Now, in coming days, I’ll make clear what I expect from all of you. But what can you expect from me? Well, first you can expect leadership that is honest with you. As we go along, if you ask me a question, I’ll do my very best to give you an honest, straight answer. It might not always be the answer you want to hear, but it will be an honest answer. Second, you can also expect leadership that believes in you. USAID is the world’s premier development agency, not because of where we are located, not because of who’s in the front office, but because of all of you, your skill and dedication, what you bring to your work each and every day.
Now, these 98 tiles here on the wall are obviously a reminder to all of us, not just of the courage and dedication of our wonderful team all around the world, but, sadly, also the high price that some have paid for doing their work, for lifting lives, and building communities. Just like all of you, I’ll never forget that we’re called upon to work in dangerous and difficult places and so many of you do that with bravery and courage and distinction.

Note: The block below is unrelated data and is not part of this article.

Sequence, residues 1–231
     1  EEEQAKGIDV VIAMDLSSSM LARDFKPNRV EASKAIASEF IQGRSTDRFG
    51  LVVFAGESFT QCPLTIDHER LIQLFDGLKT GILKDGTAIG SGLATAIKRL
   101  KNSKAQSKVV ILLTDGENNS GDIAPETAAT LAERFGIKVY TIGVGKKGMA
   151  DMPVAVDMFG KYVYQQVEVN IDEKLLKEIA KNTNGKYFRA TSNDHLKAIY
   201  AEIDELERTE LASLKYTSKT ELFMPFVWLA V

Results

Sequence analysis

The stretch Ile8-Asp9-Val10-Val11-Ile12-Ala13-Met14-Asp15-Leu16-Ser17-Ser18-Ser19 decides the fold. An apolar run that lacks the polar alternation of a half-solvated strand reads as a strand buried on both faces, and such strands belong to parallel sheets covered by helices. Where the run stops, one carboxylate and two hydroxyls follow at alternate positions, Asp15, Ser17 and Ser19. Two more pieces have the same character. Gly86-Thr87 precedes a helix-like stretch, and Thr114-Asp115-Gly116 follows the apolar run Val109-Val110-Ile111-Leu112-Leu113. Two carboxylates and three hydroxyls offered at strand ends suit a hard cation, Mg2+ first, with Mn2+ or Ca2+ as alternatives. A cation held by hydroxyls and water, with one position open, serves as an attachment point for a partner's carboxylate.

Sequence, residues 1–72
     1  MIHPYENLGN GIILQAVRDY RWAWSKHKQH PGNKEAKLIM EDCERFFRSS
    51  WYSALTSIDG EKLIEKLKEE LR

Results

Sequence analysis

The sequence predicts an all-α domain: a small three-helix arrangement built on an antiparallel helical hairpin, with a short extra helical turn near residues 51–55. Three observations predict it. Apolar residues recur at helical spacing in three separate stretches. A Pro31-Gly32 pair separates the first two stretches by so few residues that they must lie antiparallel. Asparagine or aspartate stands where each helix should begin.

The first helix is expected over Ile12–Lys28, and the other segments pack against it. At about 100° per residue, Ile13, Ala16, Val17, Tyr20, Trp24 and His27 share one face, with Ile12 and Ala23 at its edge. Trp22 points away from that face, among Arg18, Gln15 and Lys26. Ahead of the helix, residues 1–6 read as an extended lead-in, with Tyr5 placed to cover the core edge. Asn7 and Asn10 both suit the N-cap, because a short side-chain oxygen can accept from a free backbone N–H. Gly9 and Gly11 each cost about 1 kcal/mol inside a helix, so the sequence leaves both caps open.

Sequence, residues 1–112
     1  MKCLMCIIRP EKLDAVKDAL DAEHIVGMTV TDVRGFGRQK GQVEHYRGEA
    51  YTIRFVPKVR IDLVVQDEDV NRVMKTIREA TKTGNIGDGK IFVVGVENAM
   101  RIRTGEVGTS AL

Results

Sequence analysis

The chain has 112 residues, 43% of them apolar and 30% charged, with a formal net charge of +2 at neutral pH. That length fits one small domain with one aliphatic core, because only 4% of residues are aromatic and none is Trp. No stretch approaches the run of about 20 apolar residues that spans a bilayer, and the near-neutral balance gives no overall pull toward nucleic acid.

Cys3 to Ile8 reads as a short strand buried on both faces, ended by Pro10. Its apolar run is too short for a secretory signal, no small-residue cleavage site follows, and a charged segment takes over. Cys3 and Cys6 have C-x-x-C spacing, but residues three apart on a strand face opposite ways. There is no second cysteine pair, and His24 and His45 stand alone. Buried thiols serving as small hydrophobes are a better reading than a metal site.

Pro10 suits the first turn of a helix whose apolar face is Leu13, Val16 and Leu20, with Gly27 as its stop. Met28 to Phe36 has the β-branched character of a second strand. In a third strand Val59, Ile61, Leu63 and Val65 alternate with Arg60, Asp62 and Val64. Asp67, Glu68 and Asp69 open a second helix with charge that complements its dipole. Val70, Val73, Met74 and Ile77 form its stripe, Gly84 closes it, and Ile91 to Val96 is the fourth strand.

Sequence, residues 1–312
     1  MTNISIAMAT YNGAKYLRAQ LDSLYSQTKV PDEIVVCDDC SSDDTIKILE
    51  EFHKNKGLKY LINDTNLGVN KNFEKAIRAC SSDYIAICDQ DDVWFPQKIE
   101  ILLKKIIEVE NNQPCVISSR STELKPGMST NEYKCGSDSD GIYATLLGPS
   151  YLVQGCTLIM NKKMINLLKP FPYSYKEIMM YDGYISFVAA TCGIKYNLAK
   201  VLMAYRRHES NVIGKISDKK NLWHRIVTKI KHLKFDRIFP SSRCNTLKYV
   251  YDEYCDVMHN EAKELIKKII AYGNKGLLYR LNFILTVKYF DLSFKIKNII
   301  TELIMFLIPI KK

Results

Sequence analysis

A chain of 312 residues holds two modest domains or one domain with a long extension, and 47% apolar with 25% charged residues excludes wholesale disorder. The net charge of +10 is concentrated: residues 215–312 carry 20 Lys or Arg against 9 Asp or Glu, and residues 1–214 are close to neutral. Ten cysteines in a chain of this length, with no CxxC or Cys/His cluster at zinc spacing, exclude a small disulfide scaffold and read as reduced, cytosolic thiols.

You can expect leadership that listens to you. My political mentor, Tommy Thompson, always told me his father preached the same message. He used to say, “Tommy, you have two ears and one mouth, and if you use them in that proportion, you’ll be just fine.” Sounds like pretty good counsel to me. I want you to offer your opinion. I can’t say we’ll always agree, but I will always respect your point of view.
You also should expect leadership that challenges you. You’ll find in our sessions together, I like to test you. I even like to rattle you. In truth, I’m often playing devil’s advocate. But I want to make sure that you’ve thought things through. I don’t want the “company line.” I want your judgment. I want your opinion. I want to hear from you and all those experiences you’ve had, and those thoughts and ideas that you have. I want us to be an Agency built around continuous improvement, and inter-agency leadership. Each week, I want us to be just a little bit better than the week before, a little more effective, a little more innovative. The taxpayers deserve it. Our government partners deserve it. And our partners all around the world have come to expect it, and I think we excel.